CADE’s General Superintendence concludes opinion on transaction between ArcelorMittal and Votorantim Siderurgia
On 5 September, the General Superintendence of the Administrative Council for Economic Defense – CADE forwarded its opinion on the acquisition of Votorantim Siderurgia S.A. – a subsidiary of Grupo Votorantim – by its competitor ArcelorMittal Brasil S.A. (Merger nº 08700.002165/2017-97). The General Superintendence challenged the merger and the case was forwarded for the analysis of CADE’s Administrative Tribunal.
According to the opinion, the transaction affects the markets of common long steel – in particular the national market of raw materials for the steel industry; billets; merchant bars; light and middle section steel; common wire rods; drawn CA-60; welded mesh; annealed wire trusses; and rebars; in addition to regional markets of reinforcing rebars’ fabrication and scrap metal’s purchase.
The General Superintendence stated that the transaction would result in the merger between two of the three main Brazilian suppliers of common long steel – the parties and Gerdau. The transaction would eliminate a relevant player in a segment where the three main companies share more than 80% of the market offer. In a hypothetical post-merger scenario, the merger would mainly affect the sectors related to welded mesh, trusses, annealed wire, rebars, drawn, common wire rod, and light and middle section steel.
During its analysis, the General Superintendence verified that the existing rivalry in markets wherein several of competitors operate – such as CSN, Silat, Sinobrás and Simec — is not sufficient to eliminate competition concerns, considering that these competitors do not have an effective capacity to contest ArcelorMittal and Votorantim’s high market power.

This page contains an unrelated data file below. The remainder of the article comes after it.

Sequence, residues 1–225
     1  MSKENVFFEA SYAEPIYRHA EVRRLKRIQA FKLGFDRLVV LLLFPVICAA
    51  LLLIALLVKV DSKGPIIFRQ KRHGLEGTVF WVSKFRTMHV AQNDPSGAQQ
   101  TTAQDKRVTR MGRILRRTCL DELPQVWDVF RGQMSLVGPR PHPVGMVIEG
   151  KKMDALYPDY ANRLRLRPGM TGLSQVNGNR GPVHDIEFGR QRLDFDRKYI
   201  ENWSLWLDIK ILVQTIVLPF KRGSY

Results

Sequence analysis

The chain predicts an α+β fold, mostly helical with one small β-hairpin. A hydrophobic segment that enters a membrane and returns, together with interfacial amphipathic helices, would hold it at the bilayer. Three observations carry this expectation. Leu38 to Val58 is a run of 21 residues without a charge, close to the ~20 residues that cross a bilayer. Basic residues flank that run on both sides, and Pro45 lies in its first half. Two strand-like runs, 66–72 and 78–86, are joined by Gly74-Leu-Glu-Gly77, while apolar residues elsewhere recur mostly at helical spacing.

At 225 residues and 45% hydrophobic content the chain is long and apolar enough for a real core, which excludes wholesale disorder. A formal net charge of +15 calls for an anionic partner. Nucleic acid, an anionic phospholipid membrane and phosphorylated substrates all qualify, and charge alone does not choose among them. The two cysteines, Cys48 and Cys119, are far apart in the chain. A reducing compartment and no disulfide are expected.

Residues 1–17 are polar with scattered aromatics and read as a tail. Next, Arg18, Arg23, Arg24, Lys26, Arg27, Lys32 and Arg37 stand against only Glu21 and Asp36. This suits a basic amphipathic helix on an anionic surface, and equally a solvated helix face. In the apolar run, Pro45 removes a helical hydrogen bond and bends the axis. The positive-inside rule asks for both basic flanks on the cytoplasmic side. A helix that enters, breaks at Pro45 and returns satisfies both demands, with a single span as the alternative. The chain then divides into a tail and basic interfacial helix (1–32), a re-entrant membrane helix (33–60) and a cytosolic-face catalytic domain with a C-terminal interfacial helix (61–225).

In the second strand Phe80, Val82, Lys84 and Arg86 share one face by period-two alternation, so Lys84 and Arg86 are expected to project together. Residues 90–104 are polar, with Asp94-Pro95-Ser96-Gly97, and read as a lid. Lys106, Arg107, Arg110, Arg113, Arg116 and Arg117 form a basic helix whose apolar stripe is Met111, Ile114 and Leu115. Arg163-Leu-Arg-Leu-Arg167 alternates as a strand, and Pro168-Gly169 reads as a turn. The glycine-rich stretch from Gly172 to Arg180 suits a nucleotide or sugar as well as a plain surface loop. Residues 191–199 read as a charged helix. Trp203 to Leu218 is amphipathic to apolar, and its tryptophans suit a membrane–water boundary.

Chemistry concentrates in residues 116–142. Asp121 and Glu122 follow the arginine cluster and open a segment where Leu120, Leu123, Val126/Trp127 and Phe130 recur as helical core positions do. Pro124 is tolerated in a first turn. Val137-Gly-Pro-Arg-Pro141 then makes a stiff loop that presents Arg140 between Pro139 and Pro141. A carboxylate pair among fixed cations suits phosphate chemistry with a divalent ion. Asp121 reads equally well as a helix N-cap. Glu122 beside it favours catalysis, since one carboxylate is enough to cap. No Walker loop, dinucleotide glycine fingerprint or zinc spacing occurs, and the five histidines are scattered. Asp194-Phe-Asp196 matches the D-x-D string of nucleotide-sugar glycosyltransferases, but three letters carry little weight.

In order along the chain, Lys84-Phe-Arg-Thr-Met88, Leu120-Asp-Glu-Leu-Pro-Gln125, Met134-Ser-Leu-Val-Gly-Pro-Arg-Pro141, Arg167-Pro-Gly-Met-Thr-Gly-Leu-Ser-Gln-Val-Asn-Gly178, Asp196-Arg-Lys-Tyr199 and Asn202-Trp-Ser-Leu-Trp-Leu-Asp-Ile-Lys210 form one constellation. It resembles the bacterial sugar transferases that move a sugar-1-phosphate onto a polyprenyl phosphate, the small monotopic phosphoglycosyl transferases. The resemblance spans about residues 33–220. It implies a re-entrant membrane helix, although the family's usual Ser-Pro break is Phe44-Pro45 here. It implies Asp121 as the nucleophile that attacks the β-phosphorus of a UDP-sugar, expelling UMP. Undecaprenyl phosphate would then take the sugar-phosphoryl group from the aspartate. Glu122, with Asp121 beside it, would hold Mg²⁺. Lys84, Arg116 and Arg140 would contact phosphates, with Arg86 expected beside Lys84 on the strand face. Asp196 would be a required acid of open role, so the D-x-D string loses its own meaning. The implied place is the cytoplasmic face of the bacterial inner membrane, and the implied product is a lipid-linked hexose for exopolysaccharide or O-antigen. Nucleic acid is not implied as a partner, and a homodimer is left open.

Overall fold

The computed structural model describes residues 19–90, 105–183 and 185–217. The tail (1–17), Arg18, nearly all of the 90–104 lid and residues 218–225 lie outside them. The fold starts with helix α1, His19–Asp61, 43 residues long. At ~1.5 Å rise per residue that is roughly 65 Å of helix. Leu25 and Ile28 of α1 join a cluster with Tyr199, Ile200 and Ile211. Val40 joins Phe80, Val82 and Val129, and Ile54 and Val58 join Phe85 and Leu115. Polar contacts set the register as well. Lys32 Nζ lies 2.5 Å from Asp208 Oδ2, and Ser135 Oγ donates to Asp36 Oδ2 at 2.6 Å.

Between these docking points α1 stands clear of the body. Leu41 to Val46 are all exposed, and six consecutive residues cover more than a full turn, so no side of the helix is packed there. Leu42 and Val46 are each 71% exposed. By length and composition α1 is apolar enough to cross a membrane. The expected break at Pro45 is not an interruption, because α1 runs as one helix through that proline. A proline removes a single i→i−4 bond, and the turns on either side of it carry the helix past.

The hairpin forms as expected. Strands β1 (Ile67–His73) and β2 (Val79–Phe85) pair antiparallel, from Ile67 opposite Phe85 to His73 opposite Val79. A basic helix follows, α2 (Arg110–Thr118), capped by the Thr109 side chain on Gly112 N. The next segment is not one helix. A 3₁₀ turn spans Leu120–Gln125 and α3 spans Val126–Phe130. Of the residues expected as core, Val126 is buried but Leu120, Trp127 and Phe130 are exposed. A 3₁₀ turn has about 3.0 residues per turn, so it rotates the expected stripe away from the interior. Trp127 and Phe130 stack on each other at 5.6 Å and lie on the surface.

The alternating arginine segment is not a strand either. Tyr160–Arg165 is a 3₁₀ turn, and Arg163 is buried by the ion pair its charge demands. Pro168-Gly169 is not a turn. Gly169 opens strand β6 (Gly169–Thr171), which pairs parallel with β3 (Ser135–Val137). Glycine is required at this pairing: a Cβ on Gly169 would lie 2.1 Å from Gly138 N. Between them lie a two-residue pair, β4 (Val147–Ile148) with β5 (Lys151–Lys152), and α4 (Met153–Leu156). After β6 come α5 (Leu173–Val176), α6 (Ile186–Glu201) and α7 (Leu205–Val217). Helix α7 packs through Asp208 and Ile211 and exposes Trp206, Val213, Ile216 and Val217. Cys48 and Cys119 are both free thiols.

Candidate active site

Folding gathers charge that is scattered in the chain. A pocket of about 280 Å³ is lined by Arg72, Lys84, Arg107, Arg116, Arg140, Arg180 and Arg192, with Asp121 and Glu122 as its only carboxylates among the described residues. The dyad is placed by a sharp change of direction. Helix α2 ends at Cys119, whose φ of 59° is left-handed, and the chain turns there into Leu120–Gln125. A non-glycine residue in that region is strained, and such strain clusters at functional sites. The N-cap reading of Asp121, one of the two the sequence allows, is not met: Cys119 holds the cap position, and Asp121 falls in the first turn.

CADE’s investigative body also confirmed that the incumbent companies have a high idle capacity due to the demand decrease for long steel because of the current Brazilian economic crisis, which makes the entry of new competitors unlikely.
There is also sound evidence that the merger could increase the risk of collusion in the analyzed markets. The opinion points to several structural elements that could facilitate coordinated practices among the largest companies, in addition to mention CADE’s investigations and condemnations related to cartels in the steel market.
Furthermore, the transaction would significantly increase the metal scrap purchase power of the merged parties in the Southeast region, which could harm product suppliers – in most cases, small and dispersed companies, which depend on the inputs from the steel industry.
According to the opinion, it would be difficult to implement and monitor an effective package of divestments in order to address the identified competition concerns.
Therefore, the General Superintendence concluded that the transaction could result in long steel prices’ increase caused by ArcelorMittal’s market power and the risk of coordinated conduct between the major companies in the sector. The opinion issued by CADE’s Department of Economic Studies (DEE for its acronym in Portuguese) raised similar concerns.
For these reasons, the General Superintendence concluded that the most suitable measure is to block the proposed transaction.
The merger was forwarded to CADE’s Administrative Tribunal, which is responsible for issuing a final decision – approval, disapproval or the adoption of remedies that eliminate the identified concerns. The Tribunal’s decision can be applied unilaterally or by an agreement with the parties.
The merger was filed on 8 April 2017 and CADE has to issue a final decision within 240 days, which can be extended for 90 additional days.